in this same damn hotel room, for a meal or a knock,
a distraction from this boredom we call life, our world.
I wait in a room too much like the one where I was born,
with my Gladstone bag and think that this must be eternity,
the longest wait, a time when time no longer matters,
and when matter no longer matters. Evidently, contradictorily,
the longer the wait, the better the service. “Born in a hotel room –
and God damn it – died in a hotel room”.



richard harris

It’s the food. Don’t touch the food.

This is absolutely the last time I stay here.
I am done with this dump. Take my advice:
never call room service. Go instead to the kitchen.

When no one is looking, and they won’t be, because
they won’t be there, take the largest knife from a block.
Then break something. Anything. So long as it’s loud

enough to bring the kitchen staff scurrying in
from the alley. Then stare them down, holding the knife
like you mean to use it. Look them dead in the eye,

your knife now pointed at whichever one’s wearing
the funny chef’s cap. Tell him, slowly, biting off
your words like a piece of turkey jerky, tell him

what you want, how you want it done, and when
it better damn well be delivered. Make your exit
at this point but keep the knife. It might be handy

later. I guarantee you’ll get Room Service.
I should warn you, as fellow guests, retaliation
could follow. I’m not talking about ground glass

in your 3 egg omelette, or urine in grapefruit juice.
I’m thinking something vile, like a poison. Rat poison.
With you as the perceived rat. I’m telling you, best be

on your guard. I’m being rolled out of here on a stretcher.
That should be your first clue. They’re all dangerous
bastards. Trust no one. Eat anywhere but here.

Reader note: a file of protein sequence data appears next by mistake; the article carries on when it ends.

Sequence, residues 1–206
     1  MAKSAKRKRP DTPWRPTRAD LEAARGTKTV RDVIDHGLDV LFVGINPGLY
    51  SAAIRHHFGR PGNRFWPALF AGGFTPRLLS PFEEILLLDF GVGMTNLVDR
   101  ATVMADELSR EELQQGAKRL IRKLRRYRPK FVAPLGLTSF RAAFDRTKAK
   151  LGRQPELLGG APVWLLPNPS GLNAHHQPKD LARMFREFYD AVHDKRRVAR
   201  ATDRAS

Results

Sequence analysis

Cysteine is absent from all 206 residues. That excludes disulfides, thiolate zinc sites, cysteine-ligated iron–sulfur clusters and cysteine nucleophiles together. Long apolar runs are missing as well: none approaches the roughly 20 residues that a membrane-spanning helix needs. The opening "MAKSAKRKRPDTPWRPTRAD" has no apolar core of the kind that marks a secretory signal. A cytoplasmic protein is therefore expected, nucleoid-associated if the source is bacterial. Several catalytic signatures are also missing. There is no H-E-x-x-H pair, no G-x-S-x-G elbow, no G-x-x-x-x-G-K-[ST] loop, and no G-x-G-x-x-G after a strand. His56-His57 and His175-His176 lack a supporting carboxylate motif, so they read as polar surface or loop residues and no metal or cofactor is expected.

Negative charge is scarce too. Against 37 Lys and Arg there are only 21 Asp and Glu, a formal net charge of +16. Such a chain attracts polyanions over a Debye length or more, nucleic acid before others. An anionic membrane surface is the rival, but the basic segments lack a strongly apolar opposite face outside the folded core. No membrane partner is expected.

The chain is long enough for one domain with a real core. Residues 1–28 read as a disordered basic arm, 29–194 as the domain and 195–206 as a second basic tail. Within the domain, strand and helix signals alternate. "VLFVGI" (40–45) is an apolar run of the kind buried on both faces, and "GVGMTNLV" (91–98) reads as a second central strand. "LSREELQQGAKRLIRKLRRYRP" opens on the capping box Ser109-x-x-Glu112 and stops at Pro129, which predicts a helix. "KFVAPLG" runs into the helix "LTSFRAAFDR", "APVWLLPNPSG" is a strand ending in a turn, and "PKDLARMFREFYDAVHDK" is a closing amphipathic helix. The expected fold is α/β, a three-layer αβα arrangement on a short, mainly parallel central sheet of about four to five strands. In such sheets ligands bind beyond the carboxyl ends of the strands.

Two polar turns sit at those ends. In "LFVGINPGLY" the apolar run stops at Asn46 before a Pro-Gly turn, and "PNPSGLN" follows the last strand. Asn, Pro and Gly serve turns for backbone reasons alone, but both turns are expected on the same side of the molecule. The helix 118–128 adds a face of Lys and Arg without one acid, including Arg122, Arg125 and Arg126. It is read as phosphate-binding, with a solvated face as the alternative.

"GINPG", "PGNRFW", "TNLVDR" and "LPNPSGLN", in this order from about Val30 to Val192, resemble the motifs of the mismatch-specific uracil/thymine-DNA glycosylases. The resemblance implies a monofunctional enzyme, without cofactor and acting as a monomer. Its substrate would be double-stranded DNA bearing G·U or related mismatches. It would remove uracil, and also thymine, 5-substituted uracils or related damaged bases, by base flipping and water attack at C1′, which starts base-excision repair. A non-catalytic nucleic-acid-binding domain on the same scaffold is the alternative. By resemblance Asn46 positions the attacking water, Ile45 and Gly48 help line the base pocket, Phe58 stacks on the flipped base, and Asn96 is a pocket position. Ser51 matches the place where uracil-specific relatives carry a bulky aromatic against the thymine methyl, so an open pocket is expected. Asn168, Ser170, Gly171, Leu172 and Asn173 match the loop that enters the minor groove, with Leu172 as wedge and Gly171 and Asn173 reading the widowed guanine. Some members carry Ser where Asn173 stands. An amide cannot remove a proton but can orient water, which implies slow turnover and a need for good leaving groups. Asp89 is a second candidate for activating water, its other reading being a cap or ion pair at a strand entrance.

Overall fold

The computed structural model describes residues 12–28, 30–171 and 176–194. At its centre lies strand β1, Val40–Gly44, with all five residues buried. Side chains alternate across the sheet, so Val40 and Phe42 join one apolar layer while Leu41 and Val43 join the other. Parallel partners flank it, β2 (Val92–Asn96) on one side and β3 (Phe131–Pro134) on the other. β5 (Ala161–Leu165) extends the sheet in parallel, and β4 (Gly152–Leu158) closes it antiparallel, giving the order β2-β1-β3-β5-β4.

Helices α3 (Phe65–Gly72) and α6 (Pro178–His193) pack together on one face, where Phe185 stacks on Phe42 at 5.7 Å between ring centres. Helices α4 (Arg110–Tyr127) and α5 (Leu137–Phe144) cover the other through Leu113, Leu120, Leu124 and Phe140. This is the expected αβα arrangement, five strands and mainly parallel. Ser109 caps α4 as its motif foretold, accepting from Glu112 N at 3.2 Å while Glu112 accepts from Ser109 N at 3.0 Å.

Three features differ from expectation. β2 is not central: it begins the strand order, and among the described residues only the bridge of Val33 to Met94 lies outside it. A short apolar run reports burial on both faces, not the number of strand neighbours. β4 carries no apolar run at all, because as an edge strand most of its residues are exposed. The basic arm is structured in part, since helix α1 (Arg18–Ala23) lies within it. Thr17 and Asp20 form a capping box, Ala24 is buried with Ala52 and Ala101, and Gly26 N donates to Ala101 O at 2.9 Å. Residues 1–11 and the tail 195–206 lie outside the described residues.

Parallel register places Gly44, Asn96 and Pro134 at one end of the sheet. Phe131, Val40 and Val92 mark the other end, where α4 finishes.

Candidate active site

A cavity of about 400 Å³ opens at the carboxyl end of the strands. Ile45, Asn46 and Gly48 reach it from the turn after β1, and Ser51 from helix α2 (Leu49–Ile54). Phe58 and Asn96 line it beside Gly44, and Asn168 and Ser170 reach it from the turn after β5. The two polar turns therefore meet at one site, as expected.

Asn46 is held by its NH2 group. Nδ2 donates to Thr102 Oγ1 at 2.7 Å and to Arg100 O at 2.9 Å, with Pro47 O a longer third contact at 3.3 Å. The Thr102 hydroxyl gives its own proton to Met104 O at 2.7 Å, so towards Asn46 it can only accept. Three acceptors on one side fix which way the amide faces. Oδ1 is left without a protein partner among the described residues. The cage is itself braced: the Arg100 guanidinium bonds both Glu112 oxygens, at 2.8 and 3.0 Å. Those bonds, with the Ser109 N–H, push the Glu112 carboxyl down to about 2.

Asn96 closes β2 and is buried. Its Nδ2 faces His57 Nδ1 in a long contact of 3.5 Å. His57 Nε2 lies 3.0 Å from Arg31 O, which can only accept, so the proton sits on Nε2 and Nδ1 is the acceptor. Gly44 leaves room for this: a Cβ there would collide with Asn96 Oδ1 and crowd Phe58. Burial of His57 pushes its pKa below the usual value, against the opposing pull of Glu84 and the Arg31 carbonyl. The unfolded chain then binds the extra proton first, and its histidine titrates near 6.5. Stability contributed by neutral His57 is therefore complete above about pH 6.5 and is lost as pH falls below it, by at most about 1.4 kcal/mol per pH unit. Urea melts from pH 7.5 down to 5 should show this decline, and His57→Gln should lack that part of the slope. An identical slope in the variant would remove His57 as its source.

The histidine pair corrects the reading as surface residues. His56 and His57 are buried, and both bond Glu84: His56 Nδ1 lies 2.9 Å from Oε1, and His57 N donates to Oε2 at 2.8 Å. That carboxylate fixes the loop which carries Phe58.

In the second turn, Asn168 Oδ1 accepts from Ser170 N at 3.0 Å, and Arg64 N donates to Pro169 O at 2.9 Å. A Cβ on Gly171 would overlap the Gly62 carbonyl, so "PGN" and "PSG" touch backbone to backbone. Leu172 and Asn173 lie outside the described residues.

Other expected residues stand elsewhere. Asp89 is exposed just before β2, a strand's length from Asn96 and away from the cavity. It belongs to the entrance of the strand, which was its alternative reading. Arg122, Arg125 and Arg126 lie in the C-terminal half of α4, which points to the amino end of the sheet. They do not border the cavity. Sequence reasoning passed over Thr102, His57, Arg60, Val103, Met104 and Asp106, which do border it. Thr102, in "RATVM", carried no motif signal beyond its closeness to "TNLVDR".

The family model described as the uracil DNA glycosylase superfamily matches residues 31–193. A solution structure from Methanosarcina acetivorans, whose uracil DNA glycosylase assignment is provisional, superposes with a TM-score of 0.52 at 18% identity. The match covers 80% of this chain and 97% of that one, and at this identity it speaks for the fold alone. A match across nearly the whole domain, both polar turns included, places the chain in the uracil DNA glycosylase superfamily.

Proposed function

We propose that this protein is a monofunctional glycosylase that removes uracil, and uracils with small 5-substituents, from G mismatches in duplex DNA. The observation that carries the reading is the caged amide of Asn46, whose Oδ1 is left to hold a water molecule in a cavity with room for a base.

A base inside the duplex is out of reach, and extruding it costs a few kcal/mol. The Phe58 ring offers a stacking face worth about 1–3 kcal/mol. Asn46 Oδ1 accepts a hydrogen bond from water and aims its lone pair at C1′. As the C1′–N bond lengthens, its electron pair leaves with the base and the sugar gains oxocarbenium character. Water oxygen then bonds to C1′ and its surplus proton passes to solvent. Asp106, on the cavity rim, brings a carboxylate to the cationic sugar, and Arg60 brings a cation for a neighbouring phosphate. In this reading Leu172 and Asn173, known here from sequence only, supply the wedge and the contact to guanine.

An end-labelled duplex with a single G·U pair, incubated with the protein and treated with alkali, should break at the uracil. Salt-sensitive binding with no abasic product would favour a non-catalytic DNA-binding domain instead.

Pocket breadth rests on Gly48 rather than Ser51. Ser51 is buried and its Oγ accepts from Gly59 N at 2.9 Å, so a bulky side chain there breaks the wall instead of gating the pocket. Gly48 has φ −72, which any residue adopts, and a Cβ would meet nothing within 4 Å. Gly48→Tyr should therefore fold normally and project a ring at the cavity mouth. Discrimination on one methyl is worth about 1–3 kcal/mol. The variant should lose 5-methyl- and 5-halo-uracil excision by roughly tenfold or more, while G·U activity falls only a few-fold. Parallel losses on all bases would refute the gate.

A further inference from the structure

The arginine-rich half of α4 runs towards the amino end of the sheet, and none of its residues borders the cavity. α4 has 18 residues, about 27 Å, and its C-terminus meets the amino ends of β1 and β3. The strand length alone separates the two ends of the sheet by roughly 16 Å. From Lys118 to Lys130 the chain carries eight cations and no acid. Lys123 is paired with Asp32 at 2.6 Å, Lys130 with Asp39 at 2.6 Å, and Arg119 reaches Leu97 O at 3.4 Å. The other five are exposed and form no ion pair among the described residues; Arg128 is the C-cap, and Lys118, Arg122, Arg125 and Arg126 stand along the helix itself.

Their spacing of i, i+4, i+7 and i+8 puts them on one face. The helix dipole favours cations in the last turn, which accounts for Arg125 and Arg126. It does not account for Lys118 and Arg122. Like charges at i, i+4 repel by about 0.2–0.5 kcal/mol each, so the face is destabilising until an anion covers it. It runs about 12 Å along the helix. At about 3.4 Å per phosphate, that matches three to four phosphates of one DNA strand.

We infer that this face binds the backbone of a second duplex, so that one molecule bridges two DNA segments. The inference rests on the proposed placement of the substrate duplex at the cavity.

“It’s the food. Don’t touch the food.”




Either that wallpaper quote goes, or I do.

I never said this, his wraith declares.
I could have. It’s certainly my style.
My métier perhaps. Others have said
I wished I had said it. Who else
could be bothered with wall paper
when dying? Who might sensibly utter
“Either that wallpaper quote goes, or I do.”




My watch!

Timing is everything. Do you hear?
Everything. Each beat. Each measure
exact and deadly. Nothing false. Timeless.
The musical math must be precise. More so
than a clock. It must not deviate
from its fixed path. Each stanza should be
a milestone. A tall marker of the heart’s center.
Each single note a star, but not a shooting star.
I have spent my life listening to the metronome’s
sweeping arm, its insistent demands, almost
inhuman. But necessary. My wife, I am dying
in your arms one last time. Out time. The final
measure. Time wants to run to its end. No music
fills my ears, my heads, my thoughts, my heart.
I am yours at last, waiting for the silence to follow,
the silence that all composers dread. That sound!
Something striking the floor. Shattering. “My watch!”




Noli timere.

The moment appears, unannounced,
though I sensed its approach, and felt
its hand take mine. You too will know
this comfort upon exit. I grow larger
as time collapses. Your presence,
everywhere in the room, outside,
and beyond. Filling my heart. My lungs.
Becoming the blood I was and am now
unbecoming. Noli timere. Do not be afraid.”